2003, Number 4
Salud Mental 2003; 26 (4)
Deterioro cognoscitivo incipiente: un estudio con SPECT de activación y neuropsicología
Castañeda M, Ostrosky-Solís F, García RJC, García MJA, Gutiérrez LM, Medina V, Heinze MG
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ABSTRACTMild cognitive impairment (MCI) is a borderline condition between normal aging and dementia and is characterized by subjective complains of memory impairments that go beyond those expected considering age and education. Yet subjects are not demented, and their functional status remains intact (Peterson et al. 1999).
It is suspected that this group includes a substantial number of patients with pre-clinical Alzheimer’s Disease(AD), since the follow-up of this group indicates a conversion rate from MCI to AD of 12 to 25% per year and 50% convert in 5 years. Normal controls by contrast, convert to AD on an average of 1-5% per year, depending on age. The identification of people at potential risk of dementia, could be helped by an early therapeutic intervention and also, it may lessen distress for both patient and family, minimize the risk of accidents, and perhaps even prevent the onset of the dementig process itself.
Neuropsychological assessment is relevant to make a differential diagnosis between normal and pathological aging, to distinguish between different types of dementia, to define the patterns of strength and weakness and to suggest the likely pattern of underlying cerebral pathology. The Single Photon Emission Computerized Tomography (SPECT) is one of the recent neuroimaging techniques that contribute with information about the regional blood flow. Several studies of regional blood flow in AD patients demonstrate relative temporal and parietal hipoperfusion in AD. SPECT imaging conducted while the patient is engaged in a cognitive task or under sensory stimulation are referred to as activation studies. Activation studies afford unique opportunities to explore brain metabolic changes related to specific cognitive operations and to establish hypothesis of the neural networks supporting very discrete cognitive functions. Recent functional neuroimaging studies used during cognitive tasks have added to our understanding of the neural anatomy of cognition in both normal and pathological states; therefore the application of this technique to the study of patients with mild cognitive impairment could provide additional information for the early identification of this disease. Although activation studies have been used with EA, there are very few studies that have used activation methods to study MCI. Using SPECT, Riddle et al. (1993) studied ten patients with EA and nine age-matched normal controls with a verbal memory activation task and found significant differences between the groups only during the activation task.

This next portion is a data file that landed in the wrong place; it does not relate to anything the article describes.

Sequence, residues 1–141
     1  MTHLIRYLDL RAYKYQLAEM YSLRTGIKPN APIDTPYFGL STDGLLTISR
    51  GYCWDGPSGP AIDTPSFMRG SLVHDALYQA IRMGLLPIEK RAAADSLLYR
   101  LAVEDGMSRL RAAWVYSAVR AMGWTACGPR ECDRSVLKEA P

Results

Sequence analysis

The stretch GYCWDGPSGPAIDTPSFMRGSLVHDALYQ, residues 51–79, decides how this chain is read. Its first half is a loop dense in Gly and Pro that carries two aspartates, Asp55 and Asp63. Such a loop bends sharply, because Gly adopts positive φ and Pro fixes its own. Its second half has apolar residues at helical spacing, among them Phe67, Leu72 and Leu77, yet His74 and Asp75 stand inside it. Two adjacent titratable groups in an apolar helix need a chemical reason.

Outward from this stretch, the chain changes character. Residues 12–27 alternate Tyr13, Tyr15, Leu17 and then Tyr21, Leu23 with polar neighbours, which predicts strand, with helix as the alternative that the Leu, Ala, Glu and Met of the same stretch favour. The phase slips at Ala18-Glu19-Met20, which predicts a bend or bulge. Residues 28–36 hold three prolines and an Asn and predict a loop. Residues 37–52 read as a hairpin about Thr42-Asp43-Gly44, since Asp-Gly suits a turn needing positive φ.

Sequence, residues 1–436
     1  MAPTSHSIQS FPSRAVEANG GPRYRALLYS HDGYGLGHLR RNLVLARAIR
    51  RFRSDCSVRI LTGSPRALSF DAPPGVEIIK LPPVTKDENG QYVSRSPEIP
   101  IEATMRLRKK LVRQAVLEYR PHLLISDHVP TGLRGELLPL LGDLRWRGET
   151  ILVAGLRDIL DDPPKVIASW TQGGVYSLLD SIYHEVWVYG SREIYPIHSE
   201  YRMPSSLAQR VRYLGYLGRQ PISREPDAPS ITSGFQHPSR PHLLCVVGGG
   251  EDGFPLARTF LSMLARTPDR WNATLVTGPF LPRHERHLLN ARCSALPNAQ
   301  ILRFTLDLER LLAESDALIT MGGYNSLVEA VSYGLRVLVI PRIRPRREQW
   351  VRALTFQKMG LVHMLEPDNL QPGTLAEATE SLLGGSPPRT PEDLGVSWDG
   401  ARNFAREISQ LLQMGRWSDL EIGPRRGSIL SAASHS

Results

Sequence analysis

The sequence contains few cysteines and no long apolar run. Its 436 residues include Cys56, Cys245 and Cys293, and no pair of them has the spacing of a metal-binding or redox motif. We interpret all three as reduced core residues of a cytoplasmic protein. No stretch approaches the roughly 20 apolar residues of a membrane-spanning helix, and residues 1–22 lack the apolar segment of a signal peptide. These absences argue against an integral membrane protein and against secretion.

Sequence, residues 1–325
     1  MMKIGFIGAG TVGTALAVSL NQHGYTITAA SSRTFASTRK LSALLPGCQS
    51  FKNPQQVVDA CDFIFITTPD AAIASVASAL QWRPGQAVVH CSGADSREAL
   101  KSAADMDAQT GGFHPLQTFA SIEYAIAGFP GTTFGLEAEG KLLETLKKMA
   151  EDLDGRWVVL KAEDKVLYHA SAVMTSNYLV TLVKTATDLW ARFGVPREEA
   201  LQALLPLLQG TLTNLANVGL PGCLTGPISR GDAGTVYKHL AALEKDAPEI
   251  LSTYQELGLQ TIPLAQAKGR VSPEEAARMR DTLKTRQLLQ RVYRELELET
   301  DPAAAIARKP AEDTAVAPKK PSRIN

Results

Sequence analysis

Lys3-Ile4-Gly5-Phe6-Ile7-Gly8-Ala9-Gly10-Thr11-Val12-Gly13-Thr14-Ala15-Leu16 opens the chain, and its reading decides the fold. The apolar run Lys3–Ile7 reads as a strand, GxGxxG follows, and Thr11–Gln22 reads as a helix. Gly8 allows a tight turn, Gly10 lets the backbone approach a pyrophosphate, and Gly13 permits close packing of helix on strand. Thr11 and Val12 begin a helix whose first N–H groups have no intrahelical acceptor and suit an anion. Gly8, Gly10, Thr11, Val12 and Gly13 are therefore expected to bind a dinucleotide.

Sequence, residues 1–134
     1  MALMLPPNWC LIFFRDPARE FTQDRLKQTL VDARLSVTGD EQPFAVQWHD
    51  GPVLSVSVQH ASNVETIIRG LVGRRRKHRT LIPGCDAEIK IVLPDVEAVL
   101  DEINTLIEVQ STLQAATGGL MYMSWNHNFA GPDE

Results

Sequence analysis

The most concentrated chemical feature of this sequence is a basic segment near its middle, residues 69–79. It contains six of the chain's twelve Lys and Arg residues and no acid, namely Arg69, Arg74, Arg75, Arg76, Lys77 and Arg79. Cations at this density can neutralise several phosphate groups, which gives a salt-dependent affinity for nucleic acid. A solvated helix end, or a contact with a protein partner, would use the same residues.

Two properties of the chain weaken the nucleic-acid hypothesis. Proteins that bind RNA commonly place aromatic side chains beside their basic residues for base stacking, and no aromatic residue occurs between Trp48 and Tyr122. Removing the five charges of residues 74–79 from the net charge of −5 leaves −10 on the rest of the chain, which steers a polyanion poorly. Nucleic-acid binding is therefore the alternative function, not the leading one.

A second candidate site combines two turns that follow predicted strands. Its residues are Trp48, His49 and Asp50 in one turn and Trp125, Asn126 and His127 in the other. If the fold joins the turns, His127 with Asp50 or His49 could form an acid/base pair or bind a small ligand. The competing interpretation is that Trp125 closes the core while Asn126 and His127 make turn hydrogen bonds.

Since the differential diagnosis between normal aging, MCI and depression is still a matter of controversy, activation studies could provide objective data for the early and objective diagnosis of this group. We performed SPECT perfusion imaging during a basal and during a recognition verbal memory task in a group of normal and MCI subjects. Twenty-three subjects were studied ten controls and thirteen with MCI, matched by age and education. Patients and controls were not receiving psychotropic drugs. The Clinical Memory Unit and the Geriatric Service, of the Instituto Nacional de Nutrición Salvador Zubiran of Mexico City referred the subjects.